• Retention Length: Video surveillance retention requirements can vary significantly based on local, state, and federal regulations. These laws dictate how long companies must store their video surveillance footage. For example, medical marijuana dispensaries in Ohio require 24/7 security video to be retained for a minimum of six months, and the footage must be made available to the licensing board upon request. The required length can be prolonged even further if a piece of footage is required for an ongoing investigation. Additionally, backing up your video footage (i.e., saving a copy of it in another area) is different from archiving it for long-term use. You’ll want to be sure that you select a storage system that helps you meet those requirements—more on that later.

Each point on this list affects how much storage capacity you need. More cameras mean more footage being generated, which means more video files. Additionally, a higher resolution and frame rate mean larger file sizes. Multiply this by the round-the-clock operation of surveillance cameras and the required retention length, and you’ll likely have more video data than you know what to do with.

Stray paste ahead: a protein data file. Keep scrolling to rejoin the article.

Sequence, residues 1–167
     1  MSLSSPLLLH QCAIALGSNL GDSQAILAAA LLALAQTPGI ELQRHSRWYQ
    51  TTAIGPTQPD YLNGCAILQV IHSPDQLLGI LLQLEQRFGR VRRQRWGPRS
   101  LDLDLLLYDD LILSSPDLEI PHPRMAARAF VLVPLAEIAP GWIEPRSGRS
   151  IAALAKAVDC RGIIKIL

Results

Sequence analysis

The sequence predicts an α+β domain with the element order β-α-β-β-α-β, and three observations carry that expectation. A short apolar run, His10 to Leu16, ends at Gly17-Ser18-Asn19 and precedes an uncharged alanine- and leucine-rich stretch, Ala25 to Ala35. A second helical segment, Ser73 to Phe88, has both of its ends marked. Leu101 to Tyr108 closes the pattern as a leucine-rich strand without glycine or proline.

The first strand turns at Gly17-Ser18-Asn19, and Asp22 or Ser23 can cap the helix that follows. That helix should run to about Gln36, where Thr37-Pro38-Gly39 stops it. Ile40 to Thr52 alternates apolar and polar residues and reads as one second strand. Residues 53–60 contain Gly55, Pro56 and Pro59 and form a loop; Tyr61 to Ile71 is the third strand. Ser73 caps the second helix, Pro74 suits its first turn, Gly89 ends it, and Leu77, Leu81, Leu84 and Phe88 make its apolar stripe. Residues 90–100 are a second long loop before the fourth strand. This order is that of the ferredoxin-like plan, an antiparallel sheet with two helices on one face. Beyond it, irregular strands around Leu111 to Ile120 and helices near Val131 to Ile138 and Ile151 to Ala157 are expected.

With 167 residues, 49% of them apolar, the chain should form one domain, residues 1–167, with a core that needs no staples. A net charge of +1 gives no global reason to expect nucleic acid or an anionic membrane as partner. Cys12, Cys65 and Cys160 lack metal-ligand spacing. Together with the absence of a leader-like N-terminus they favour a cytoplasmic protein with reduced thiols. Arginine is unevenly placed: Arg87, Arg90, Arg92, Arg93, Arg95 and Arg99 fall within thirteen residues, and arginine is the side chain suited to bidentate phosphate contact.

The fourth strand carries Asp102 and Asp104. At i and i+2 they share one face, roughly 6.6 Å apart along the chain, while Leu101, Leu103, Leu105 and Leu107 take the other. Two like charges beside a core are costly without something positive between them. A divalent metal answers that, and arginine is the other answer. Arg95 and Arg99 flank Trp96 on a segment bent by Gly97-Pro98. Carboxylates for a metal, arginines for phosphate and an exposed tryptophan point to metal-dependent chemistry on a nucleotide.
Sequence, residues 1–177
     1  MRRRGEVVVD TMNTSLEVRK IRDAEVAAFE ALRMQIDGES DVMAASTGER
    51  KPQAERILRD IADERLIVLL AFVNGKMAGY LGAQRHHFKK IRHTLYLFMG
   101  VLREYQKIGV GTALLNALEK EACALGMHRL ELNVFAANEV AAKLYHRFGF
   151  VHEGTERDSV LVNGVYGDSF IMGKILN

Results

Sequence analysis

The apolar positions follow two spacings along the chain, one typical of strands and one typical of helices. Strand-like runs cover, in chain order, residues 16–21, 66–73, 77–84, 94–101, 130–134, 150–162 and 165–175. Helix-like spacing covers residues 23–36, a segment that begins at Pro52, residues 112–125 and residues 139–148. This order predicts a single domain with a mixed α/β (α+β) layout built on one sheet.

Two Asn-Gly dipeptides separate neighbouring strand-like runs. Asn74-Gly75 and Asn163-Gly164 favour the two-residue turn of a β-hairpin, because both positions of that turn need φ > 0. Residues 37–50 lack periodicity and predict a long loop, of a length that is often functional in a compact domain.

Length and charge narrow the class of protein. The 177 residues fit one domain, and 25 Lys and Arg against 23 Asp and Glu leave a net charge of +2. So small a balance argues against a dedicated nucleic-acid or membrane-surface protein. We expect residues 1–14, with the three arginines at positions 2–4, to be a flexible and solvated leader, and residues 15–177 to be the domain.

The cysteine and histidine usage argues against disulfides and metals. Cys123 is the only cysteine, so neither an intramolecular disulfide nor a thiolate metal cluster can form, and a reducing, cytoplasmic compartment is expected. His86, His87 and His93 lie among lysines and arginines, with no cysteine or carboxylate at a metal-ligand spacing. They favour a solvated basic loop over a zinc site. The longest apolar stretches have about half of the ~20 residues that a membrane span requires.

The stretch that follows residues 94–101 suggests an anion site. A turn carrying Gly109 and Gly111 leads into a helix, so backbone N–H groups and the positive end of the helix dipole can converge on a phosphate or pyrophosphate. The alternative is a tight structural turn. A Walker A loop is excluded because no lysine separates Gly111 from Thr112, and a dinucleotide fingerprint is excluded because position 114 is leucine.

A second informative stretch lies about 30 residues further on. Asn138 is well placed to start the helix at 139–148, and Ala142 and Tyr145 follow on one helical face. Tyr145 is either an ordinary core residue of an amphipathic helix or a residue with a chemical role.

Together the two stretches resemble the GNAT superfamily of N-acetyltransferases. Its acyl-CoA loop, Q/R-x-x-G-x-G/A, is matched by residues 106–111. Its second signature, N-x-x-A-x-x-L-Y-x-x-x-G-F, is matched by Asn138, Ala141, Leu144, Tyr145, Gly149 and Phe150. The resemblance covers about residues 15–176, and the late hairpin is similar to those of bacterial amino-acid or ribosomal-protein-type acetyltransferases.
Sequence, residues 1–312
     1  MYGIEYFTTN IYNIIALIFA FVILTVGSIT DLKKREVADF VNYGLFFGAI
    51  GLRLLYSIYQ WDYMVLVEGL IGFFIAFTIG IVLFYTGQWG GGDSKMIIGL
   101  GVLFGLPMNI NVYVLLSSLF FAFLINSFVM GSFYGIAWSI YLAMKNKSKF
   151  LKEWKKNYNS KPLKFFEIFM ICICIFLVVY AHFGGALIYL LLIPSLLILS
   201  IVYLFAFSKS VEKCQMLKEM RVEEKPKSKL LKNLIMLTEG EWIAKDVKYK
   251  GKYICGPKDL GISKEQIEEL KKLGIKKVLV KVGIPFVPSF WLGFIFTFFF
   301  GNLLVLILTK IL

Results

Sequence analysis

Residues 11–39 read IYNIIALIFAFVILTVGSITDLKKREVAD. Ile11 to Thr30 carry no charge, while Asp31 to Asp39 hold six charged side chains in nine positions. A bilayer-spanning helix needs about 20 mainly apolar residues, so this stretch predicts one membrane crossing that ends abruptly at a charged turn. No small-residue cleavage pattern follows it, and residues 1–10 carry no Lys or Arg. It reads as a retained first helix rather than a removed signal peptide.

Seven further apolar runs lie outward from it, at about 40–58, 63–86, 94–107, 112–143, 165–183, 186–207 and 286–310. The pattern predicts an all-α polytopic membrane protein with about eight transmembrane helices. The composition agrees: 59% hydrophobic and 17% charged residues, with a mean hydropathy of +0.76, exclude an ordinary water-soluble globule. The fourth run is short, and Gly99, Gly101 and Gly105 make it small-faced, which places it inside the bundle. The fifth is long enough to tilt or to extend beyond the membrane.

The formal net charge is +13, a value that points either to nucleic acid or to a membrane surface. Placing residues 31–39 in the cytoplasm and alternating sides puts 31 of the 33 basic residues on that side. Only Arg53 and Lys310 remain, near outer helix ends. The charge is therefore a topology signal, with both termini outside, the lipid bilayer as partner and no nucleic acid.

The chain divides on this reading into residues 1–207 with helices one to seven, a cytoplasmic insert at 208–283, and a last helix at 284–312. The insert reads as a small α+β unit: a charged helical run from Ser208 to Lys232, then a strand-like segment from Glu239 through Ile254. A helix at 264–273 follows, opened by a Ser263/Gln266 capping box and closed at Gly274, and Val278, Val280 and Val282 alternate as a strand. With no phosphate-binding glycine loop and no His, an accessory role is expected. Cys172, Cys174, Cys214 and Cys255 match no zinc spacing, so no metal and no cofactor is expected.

Scoping Video Surveillance Storage: An Example

To illustrate how much footage you can expect to collect, it can be helpful to see an example of how a given business’s video surveillance may operate. Note that this example may not apply to you specifically. You should review your local area’s regulations and consult with an industry professional to make sure you are compliant. 

Let’s say that you need to install surveillance cameras for a bank. Customers enter through the lobby and wait for the next available bank teller to assist them at a teller station. No items are put on display, only the exchange of paper and cash between the teller and the customer. Only authorized employees are allowed within the teller area. After customers complete their transactions, they walk back through the lobby area and exit via the building’s front entry.